He’s A Communist!
‘If He Calls Someone A Rasha…’
(Bava Metzia 71a)
Our sugya teaches us that if someone calls his fellow a rasha, the insulted person may “ruin his life.” According to some commentators, the Gemara allows the insulted person to undermine his insulter’s livelihood by, for example, starting a competing business. Rashi (s.v. “yored imo…”) questions this interpretation: “It is hard for me to accept,” he writes, “that our sages allow people to take revenge or ‘get even.’”
Tosafos (s.v. “adam kore l’chavero …”) cites Teshuvas Hageonim in the name of Rav Tzadok Gaon that the insulted person may even go so far as to burn a third of the crops in his insulter’s field. Yet Tosafos too finds this sentiment very odd and questions Rav Tzadok’s reasoning. Rashi, commenting on Kiddushin 28a (s.v. “rasha yored imo…”), adheres to the literal meaning that one may “go down to his livelihood.”
Some commentators point out that the Gemara (Kiddushin, ibid.) mentions similar halachos: 1) A person who calls another a slave is punished with niduy (a form of excommunication) and 2) a person who calls another a mamzer is flogged. What is the reasoning behind these two halchos? By calling another a slave, a person includes himself in the Torah’s damnation, “Cursed is Canaan” (Bereishis 9:25), and therefore is placed under the curse of excommunication. As for a person who calls another a mamzer: He hints that the targeted person intends to sin (or has already done so) by pretending not to be a mamzer in order to marry a proper Jew. The one who insults him is therefore flogged as though he himself transgressed this prohibition.
In light of the reasoning behind these two halachos, let us return to our case: A person who calls another a rasha causes him considerable harm. The Torah stares, “If your brother becomes poor… support him” (Vayikra 25:35). Our Sages teach us that excluded from this mitzvah is a rasha, who does not deserve support. Therefore, a person who calls another a rasha in public is causing others not to support him. That is why the insulted person may undermine the livelihood of his insulter (Nimukei Rabbi Menachem meReseburk, s.v. “din hakorei”; Shittah Mekubbetzes in the name of Rabbi Yonasan).
However, a person is not allowed to undermine the livelihood of one who calls him a rasha in a casual manner (perhaps in the heat of an argument). He may only do so to a person who spreads rumors in a malicious manner, seemingly in rebellion to the Torah.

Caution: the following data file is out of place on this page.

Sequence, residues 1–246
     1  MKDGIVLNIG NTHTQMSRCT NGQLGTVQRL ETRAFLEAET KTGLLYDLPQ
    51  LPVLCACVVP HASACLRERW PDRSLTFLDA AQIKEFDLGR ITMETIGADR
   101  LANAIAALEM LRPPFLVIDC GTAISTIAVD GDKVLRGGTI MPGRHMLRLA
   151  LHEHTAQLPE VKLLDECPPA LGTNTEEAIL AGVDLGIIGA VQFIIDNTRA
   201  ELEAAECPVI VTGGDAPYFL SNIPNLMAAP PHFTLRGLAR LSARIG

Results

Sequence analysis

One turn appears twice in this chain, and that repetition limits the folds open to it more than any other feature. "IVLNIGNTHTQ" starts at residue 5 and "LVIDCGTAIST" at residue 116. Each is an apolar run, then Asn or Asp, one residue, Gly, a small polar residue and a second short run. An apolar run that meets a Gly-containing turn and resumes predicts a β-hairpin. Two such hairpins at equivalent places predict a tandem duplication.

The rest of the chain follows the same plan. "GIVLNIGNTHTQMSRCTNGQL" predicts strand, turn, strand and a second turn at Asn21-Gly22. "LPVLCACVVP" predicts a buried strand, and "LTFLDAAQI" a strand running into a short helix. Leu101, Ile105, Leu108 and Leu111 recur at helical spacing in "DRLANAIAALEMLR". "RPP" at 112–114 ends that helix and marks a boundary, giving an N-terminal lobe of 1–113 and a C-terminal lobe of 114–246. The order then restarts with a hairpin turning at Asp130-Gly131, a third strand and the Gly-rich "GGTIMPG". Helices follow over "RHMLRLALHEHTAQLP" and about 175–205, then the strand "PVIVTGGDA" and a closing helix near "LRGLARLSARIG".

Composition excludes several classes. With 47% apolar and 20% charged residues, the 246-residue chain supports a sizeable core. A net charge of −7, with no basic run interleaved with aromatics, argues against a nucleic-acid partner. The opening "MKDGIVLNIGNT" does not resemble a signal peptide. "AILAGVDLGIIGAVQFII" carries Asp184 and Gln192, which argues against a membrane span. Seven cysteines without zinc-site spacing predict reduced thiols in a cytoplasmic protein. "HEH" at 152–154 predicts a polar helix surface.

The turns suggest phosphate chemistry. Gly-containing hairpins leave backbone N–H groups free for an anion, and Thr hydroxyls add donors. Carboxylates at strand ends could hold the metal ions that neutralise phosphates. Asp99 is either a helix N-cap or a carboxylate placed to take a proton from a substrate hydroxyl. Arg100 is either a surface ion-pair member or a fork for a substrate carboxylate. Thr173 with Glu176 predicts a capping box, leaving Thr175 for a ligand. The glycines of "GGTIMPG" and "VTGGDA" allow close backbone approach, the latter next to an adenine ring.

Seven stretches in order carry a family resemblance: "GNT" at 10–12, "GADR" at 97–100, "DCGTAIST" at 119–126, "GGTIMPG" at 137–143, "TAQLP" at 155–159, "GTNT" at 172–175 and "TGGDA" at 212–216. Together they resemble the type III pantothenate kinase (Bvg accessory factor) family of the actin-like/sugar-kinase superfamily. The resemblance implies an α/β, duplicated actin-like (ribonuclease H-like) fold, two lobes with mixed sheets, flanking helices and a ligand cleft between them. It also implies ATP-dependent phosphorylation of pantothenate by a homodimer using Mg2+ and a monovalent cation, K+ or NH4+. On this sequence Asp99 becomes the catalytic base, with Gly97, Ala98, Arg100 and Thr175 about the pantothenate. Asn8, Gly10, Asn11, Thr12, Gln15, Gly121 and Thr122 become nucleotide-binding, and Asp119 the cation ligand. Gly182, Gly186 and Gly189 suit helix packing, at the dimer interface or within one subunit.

About 450 years ago, two people had a vehement argument. One of them called the other a slave, and the insulted person asked a beis din to flog his detractor, as taught in the Gemara. The question was sent to Rabbi David ben Shlomo ibn Zimra (Responsa Radbaz 3:480) who replied that as people ascribe little importance to curses voiced in arguments, they do not harm one’s reputation and are not covered by the Gemara’s discussion.
The Radbaz concludes, though, that “the one who insults should be shamed verbally and warned to desist from calling another such a name…even if the other starts the argument.”
A person who makes it a regular practice of calling others derogatory names should suffer excommunication if the names are those mentioned in the Gemara. The Maharam Galanti (Responsa 33), therefore, rules that a beis din should not flog someone who calls another Salak-el-din (apparently a reference to Saladin, the Muslim warrior who conquered Eretz Yisrael from the Crusaders) even though the one so dubbed is deeply hurt. He is, however, “regarded as one of the derisive scoffers who do not meet the Shechinah.”
A Slap On The Cheek
A similar question was referred to HaGaon Rabbi Moshe Feinstein, zt”l, in the McCarthy era when hatred for communism engulfed the United States. People suspected of having communist links had their reputations ruined and anyone so accused was very insulted. One such person asked Rabbi Feinstein if he could undermine his insulter’s livelihood. Rabbi Feinstein replied that “communist” is not synonymous with rasha (Igros Moshe, Choshen Mishpat 1:38) and one who forces his ideas on others in a communist fashion is not necessarily a sinner. Rabbi Feinstein also cited Rashi’s comment (on our daf) that there is no explicit permission to undermine the livelihood of one who calls another rasha.
In conclusion, we note the explanation of some commentators that “yored lechayav,” usually understood as “ruining his life,” actually means that the insulted person may slap the cheek of the one who insulted him: “lechayav – his cheeks” (see Tashbetz, Responsa 3:204).Rabbi Yaakov Klass